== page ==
"We don't have any bilateral meetings planned at this point," US Deputy National Security Adviser Ben Rhodes told reporters while briefing them on Obama's agenda in New York.
"I think that it is our expectation that the President will be able to see -- in his travels later this year, including to the East Asia Summit and other forums, he''ll have opportunities to engage with Prime Minister Singh," Rhodes said last evening.
Obama would be travelling to New York for three days next week beginning Monday to attend the General Assembly session of the United Nations.
Besides addressing the UN General Assembly, Obama would be meeting leaders of some countries.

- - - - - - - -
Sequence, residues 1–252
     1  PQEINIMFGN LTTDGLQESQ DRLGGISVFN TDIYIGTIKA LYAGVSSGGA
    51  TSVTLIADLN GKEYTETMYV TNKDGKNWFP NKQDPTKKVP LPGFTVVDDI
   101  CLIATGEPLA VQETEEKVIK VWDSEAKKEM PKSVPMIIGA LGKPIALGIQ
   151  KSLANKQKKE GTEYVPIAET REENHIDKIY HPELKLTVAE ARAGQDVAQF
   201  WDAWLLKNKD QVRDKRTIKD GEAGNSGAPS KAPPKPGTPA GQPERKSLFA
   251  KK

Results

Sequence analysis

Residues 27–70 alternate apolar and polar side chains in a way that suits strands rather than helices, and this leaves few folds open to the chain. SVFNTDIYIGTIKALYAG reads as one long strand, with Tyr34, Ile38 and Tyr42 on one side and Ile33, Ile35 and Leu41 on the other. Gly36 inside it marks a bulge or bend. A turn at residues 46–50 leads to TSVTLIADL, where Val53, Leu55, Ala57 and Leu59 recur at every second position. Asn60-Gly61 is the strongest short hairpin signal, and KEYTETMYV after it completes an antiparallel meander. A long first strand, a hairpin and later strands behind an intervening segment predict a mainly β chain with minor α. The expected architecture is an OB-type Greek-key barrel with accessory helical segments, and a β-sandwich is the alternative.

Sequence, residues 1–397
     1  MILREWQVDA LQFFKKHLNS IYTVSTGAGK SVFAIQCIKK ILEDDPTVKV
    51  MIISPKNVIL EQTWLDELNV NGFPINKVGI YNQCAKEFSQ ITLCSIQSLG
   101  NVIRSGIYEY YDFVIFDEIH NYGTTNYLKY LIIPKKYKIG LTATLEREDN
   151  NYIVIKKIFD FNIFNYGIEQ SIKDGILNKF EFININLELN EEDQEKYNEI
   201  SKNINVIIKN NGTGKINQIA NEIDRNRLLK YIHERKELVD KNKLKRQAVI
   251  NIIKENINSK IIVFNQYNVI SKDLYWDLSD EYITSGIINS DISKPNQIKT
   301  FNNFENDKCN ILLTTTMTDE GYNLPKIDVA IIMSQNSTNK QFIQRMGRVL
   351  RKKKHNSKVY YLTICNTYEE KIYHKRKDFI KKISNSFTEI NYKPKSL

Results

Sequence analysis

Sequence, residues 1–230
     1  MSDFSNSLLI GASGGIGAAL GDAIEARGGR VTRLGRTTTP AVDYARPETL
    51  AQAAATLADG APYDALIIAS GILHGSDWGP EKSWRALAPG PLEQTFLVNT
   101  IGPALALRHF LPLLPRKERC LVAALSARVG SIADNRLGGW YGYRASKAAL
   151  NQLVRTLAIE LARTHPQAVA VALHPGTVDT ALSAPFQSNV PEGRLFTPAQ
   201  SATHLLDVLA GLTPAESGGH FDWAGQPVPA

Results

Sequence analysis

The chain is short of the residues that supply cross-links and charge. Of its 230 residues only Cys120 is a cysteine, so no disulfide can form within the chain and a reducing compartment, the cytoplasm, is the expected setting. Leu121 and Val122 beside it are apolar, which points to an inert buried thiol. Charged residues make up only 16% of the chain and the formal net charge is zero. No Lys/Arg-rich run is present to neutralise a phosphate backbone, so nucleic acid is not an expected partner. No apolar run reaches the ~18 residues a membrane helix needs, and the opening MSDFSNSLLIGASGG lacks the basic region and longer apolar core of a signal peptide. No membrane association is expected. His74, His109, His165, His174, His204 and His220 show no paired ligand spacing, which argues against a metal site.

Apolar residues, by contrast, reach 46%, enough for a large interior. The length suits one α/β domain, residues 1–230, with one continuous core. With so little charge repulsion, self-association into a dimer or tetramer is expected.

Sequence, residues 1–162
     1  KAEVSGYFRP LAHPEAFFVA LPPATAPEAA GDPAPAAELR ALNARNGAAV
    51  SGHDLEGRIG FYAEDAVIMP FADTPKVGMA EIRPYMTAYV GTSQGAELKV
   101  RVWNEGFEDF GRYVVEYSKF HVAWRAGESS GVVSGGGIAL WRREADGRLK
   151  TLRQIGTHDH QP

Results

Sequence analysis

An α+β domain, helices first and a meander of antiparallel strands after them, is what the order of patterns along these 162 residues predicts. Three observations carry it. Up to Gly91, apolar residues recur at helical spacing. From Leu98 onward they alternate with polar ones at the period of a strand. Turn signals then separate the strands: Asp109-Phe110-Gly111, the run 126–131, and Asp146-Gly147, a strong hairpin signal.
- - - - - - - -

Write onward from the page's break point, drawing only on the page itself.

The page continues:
Prominent among them are Libya's Mustafa Abdul Jalil; Afghan President Hamid Karzai; Brazilian President Dilma Rouseff; Prime Minister Recep Tayyip Erdogan of Turkey, Prime Minister Yoshihiko Noda of Japan; Prime Minister David Cameron of the United Kingdom, President Nicolas Sarkozy of France and President Salva Kiir of South Sudan.
While the focus of his meetings and his remarks at the UN will be pressing global issues like Libya, Palestine, economic matters and the Middle East, the US President is expected to reiterate his position on the reforms of the UN Security Council and support India's bid for its permanent membership.
"There's been no evolution in the US position. We obviously have expressed our support for permanent membership for India...," Rhodes said.